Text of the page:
Renbin Yan, Kevin Bundy, David R. Law, Matthew A. Bershady, Brett Andrews, Brian Cherinka, Aleksandar M. Diamond-Stanic, Niv Drory, Nicholas MacDonald, José R. Sánchez-Gallego, Daniel Thomas, David A. Wake, Anne Marie Weijmans, Kyle B. Westfall, Kai Zhang, Alfonso Aragón-Salamanca, Francesco Belfiore, Dmitry Bizyaev, Guillermo A. Blanc, Michael R. BlantonJoel Brownstein, Michele Cappellari, Richard D'Souza, Eric Emsellem, Hai Fu, Patrick Gaulme, Mark T. Graham, Daniel Goddard, James E. Gunn, Paul Harding, Amy Jones, Karen Kinemuchi, Cheng Li, Hongyu Li, Roberto Maiolino, Shude Mao, Claudia Maraston, Karen Masters, Michael R. Merrifield, Daniel Oravetz, Kaike Pan, John K. Parejko, Sebastian F. Sanchez, David Schlegel, Audrey Simmons, Karun Thanjavur, Jeremy Tinker, Christy Tremonti, Remco Van Den Bosch, Zheng Zheng

    Research output: Contribution to journalArticlepeer-review


    The MaNGA Survey (Mapping Nearby Galaxies at Apache Point Observatory) is one of three core programs in the Sloan Digital Sky Survey IV. It is obtaining integral field spectroscopy for 10,000 nearby galaxies at a spectral resolution of R ∼ 2000 from 3622 to 10354 Å. The design of the survey is driven by a set of science requirements on the precision of estimates of the following properties: star formation rate surface density, gas metallicity, stellar population age, metallicity, and abundance ratio, and their gradients; stellar and gas kinematics; and enclosed gravitational mass as a function of radius. We describe how these science requirements set the depth of the observations and dictate sample selection. The majority of targeted galaxies are selected to ensure uniform spatial coverage in units of effective radius (R e) while maximizing spatial resolution. About two-thirds of the sample is covered out to 1.5R e (Primary sample), and one-third of the sample is covered to 2.5R e (Secondary sample). We describe the survey execution with details that would be useful in the design of similar future surveys. We also present statistics on the achieved data quality, specifically the point-spread function, sampling uniformity, spectral resolution, sky subtraction, and flux calibration. For our Primary sample, the median r-band signal-to-noise ratio is ∼70 per 1.4 Å pixel for spectra stacked between 1R e and 1.5R e. Measurements of various galaxy properties from the first-year data show that we are meeting or exceeding the defined requirements for the majority of our science goals.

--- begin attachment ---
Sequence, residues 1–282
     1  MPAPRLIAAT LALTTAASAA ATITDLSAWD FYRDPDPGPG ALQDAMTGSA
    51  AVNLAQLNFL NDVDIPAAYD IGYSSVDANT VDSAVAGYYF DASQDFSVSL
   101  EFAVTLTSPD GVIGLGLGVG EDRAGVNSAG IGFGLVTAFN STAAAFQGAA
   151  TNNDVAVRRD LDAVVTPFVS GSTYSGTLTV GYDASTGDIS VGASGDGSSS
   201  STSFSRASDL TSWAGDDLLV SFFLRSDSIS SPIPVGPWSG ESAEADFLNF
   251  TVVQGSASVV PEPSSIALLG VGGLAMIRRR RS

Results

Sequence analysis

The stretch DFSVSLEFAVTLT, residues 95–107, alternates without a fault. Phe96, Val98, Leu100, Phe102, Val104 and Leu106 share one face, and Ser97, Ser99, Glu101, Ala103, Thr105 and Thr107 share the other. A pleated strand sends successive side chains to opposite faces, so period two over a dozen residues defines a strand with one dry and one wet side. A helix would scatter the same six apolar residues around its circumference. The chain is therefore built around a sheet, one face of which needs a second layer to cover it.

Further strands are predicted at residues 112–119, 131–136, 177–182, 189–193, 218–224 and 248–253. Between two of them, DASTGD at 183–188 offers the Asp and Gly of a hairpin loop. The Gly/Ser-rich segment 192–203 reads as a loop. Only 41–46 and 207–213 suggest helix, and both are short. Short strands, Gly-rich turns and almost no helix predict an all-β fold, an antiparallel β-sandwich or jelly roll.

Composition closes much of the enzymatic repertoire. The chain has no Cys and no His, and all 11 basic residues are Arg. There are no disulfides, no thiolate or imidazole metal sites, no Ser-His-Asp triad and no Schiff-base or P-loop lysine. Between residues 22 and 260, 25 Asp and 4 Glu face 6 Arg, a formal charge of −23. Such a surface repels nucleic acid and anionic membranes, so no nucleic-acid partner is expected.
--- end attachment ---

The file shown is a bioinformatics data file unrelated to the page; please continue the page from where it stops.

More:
Original languageEnglish (US)
    Article number197
    JournalAstronomical Journal
    Issue number6
    StatePublished - Dec 2016


    • galaxies: evolution
    • galaxies: general
    • surveys
    • techniques: imaging spectroscopy

    ASJC Scopus subject areas

    • Astronomy and Astrophysics
    • Space and Planetary Science


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